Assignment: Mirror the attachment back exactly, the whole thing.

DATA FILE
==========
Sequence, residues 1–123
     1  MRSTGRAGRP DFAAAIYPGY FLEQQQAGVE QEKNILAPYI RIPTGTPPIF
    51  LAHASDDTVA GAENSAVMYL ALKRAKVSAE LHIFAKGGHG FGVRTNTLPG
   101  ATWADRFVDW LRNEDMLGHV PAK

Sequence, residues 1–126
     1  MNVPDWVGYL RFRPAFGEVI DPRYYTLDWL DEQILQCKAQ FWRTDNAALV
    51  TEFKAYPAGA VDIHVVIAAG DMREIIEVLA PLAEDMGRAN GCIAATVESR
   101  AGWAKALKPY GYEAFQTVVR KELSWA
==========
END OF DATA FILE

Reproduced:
Sequence, residues 1–123
     1  MRSTGRAGRP DFAAAIYPGY FLEQQQAGVE QEKNILAPYI RIPTGTPPIF
    51  LAHASDDTVA GAENSAVMYL ALKRAKVSAE LHIFAKGGHG FGVRTNTLPG
   101  ATWADRFVDW LRNEDMLGHV PAK

Sequence, residues 1–126
     1  MNVPDWVGYL RFRPAFGEVI DPRYYTLDWL DEQILQCKAQ FWRTDNAALV
    51  TEFKAYPAGA VDIHVVIAAG DMREIIEVLA PLAEDMGRAN GCIAATVESR
   101  AGWAKALKPY GYEAFQTVVR KELSWA